UNMC Lung Cancer Study Shows Better Outcomes for More Serious Forms of Disease

Oct. 25, 2021, 5 p.m. ·

Dr. Apar Ganti
Dr. Apar Ganti, a UNMC lung cancer researcher. (Photo from Zoom)

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The results of a year-long lung cancer study by researchers at the University of Nebraska Medical Center suggest earlier screening could save lives. The data shows an increased five-year survival rate for people who had more serious forms of lung cancer.

The year-long study used information from several large cancer databases that showed there were around 1.3 million cases of non-small cell lung cancer, the most common form of the disease, between 2010 and 2017. The study found while incidents of stage 1 lung cancer increased slightly, stage 2, 3 and 4 lung cancers were either stable or down. Dr. Apar Ganti was the first author of the study and said the five-year survival rate of stage 4 lung cancer was around 26% over that period.

“Why this is important is because previous data have suggested that this number was somewhere between 16%-17% the last time such an analysis was done,” Dr. Ganti said. “What we think is that the increased proportion of stage 1 lung cancer patients drove some of this increase in the five-year survival from lung cancer.”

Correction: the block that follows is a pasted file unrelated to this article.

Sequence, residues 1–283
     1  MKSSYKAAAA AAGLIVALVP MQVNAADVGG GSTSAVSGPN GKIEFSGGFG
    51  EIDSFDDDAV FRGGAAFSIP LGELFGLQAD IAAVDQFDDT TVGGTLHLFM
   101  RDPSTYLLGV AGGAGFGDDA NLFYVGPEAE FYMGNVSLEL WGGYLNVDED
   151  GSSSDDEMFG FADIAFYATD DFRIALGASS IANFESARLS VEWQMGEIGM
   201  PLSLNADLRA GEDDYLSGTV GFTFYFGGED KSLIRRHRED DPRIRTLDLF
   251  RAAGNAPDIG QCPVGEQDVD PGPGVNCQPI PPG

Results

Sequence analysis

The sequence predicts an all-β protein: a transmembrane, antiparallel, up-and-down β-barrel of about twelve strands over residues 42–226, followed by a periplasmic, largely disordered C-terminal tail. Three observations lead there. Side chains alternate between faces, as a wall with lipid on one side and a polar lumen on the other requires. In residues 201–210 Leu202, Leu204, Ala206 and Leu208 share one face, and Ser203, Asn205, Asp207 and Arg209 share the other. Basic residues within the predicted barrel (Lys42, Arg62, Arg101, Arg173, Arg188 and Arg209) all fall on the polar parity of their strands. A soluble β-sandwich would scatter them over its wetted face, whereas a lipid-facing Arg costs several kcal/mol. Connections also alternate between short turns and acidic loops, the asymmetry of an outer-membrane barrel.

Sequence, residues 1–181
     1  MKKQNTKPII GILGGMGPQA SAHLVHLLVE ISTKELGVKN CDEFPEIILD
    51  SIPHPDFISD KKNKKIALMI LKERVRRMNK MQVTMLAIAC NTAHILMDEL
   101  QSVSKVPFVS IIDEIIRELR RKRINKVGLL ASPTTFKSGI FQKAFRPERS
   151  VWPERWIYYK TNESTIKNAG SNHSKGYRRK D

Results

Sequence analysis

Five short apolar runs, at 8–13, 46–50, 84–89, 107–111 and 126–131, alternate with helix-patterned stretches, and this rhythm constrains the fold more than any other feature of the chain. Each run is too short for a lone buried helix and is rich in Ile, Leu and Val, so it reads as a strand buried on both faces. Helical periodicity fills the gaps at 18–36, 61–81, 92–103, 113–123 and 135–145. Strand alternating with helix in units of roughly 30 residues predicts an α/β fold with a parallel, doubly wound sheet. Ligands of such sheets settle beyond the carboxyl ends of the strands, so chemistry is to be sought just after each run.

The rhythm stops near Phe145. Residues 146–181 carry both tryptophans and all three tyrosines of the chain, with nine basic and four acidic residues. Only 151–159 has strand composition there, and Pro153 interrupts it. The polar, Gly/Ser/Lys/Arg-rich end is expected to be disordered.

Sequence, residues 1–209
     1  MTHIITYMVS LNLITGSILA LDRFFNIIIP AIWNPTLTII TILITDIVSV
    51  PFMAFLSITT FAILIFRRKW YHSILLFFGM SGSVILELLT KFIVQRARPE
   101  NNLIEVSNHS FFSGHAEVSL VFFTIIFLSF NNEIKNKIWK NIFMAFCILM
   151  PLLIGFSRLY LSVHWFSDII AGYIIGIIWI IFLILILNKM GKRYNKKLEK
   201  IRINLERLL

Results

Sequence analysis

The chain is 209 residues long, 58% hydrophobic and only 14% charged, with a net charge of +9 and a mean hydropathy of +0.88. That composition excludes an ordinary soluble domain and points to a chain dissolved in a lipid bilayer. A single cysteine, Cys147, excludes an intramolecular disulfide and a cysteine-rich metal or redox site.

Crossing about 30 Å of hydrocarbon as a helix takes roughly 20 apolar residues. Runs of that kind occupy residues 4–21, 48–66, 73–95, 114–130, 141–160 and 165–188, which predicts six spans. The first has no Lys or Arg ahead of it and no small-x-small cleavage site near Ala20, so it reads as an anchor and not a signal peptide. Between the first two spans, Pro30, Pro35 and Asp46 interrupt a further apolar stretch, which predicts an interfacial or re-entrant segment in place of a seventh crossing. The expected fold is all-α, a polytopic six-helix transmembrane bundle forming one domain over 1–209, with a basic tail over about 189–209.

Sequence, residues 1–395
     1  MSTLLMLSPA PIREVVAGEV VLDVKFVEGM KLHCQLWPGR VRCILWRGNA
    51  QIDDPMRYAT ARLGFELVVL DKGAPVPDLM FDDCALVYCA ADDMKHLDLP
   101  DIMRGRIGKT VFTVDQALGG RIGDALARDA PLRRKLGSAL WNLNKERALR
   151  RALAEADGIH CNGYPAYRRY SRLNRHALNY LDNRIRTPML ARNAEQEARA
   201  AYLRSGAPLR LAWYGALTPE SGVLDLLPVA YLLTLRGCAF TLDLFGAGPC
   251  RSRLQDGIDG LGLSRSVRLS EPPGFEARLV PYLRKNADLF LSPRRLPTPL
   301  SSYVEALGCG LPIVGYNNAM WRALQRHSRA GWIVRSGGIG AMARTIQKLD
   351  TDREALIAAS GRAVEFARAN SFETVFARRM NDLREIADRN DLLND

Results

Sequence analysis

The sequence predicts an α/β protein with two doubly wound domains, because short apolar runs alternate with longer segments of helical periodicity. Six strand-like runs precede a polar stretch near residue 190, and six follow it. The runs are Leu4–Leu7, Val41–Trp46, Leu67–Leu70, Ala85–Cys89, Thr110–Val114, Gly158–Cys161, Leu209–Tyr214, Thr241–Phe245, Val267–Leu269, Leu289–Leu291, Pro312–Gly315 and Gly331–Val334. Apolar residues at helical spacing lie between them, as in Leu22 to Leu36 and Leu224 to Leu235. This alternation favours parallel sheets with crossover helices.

Dr. Ganti said he’s confident increased lung cancer screening could save lives. Right now, only about 5% of eligible people are screened.

“In other words, the vast majority of people who were eligible for lung cancer screening are not being screened,” Dr. Ganti said. “So if all of them were screened, I have no doubt the survival from lung cancer would be much better than what it is today.”

He said between 10% and 20% of people diagnosed with small-cell lung cancer each year have never smoked. Screening programs consist of yearly CT scans of a person’s chest and a smoking cessation program for people who do smoke.